In this test, several pieces of plastic film, 18” – 24” square, are placed at key points on the cement, then sealed with silver duct tape on all four sides. The plastic film is removed after 24 hours (72 hours is better) and inspected for signs of condensation. Use of a heat source, such as a 40 to 60 watt light bulb placed 18” above the plastic “accelerates” this test.

If beads of water are found on the subfloor or the concrete appears darker, this serves as notice that further testing is necessary. Installation can proceed if there’s no indication of moisture.

Phenolphthalein Test
This test requires drilling dime-sized 1/4-inch deep holes in various areas of the slab, especially around the walls, and then applying in each hole two drops of a 3 percent phenolphthalein solution in water-free ethyl alcohol. If there’s no color change in the solution, this means moisture and alkalinity are not at levels to affect the installation.

Should the phenolphthalein turn pink or dark red within five minutes and the pH is 9.0 or higher, further testing must be done with a more precise method.

Wood Subfloor

Improper moisture conditions in a wooden subfloor can also lead to moisture-related problems associated with a concrete slab. Flooring specialists can test the moisture content of a wood subfloor using the pinless wood moisture meter. Similar to the hardwood floor, the wood subfloor must have an acceptable moisture content to avoid flooring failures over time.

Flooring specialists should test several areas of a wood subfloor to be certain conditions are acceptable for the final flooring installation. A good rule of thumb is that the subfloor moisture content should be within 3-4 percentage points of the flooring to be installed before proceeding.

Wood Flooring

Regardless of whether hardwood or engineered flooring is to be installed, all material should be checked with an accurate wood moisture meter. This involves opening and testing several bundles to ensure the wood flooring is the same MC throughout, and is compatible with the subfloor which the flooring will cover when installed.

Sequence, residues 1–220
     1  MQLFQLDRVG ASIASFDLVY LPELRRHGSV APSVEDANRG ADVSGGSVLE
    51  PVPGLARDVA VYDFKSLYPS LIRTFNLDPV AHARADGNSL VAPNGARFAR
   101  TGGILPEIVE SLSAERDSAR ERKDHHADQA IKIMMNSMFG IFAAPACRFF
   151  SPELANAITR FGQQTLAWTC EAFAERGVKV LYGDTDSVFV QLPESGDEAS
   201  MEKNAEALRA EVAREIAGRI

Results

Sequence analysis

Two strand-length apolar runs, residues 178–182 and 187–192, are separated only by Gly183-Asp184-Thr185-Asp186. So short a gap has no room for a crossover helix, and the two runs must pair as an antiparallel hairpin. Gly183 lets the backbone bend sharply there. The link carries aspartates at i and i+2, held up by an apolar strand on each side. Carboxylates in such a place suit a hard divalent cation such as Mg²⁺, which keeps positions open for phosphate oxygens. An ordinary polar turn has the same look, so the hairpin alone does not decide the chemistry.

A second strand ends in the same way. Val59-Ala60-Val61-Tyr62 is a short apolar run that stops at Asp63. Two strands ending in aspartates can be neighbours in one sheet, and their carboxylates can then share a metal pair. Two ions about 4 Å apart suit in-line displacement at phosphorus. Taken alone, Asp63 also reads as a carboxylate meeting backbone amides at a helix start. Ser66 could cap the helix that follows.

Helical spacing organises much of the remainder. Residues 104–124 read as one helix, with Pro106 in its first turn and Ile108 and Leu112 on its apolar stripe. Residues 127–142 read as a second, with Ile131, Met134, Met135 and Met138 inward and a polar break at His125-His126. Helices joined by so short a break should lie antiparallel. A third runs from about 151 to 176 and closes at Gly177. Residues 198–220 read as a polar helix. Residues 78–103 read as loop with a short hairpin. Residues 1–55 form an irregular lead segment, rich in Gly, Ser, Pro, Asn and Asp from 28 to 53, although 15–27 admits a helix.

As with the wood subfloor, pin-style and pinless meters can give an indication of the MC to ensure a professional and long-lasting flooring installation.

The pinless meters haves some unique advantages over the pin-style meters. Since they don’t use pins, they won’t damage the wood flooring with unsightly pin holes. That means no filing or sanding on the final floor. They also enable installers to measure entire bundles in a matter of seconds.

The Wagner Meters Orion line are pinless floor moisture meters which offers flooring professionals a versatile range of options for measuring and monitoring wood moisture content. Considered one of the world’s most accurate hardwood moisture meters based on third-party and university tests, it comes with dual-depth reading options and Wagner’s signature IntelliSense™ technology for accuracy that is virtually unaffected by surface moisture.

The Orion floor moisture meter also features a specific gravity (SG) range that covers most wood species including dense, tropical species. It provides a moisture measuring range of 5% to 30%. And, it displays moisture readings to one-tenth of a percent (0.1%) resolution on an easy-to-read digital display.

Moisture levels in the average household are considered to be between 6-9% and wood flooring is generally dried to this level. But regional and seasonal variations mean that even wood flooring manufactured from properly-dried lumber will need an acclimation in the installation environment to prevent extreme changes in the finished floor. For instance, even a change as small as 1/32” per 2” board multiplied across an eight-foot room equals 1 ½” of gapping or swelling.

In Closing . . .

All flooring professionals need to be proactive when it comes to proper installation of wood flooring. Accurate moisture testing is their best defense against moisture-related flooring failures that can lead to wasted time and financial loss . . . and even a tarnished reputation.

Hopefully, this article has provided a basic understanding of why moisture testing is extremely important, and why it applies not only to the wood flooring, but also the concrete slab and wood subfloor.

Interested in moisture testing?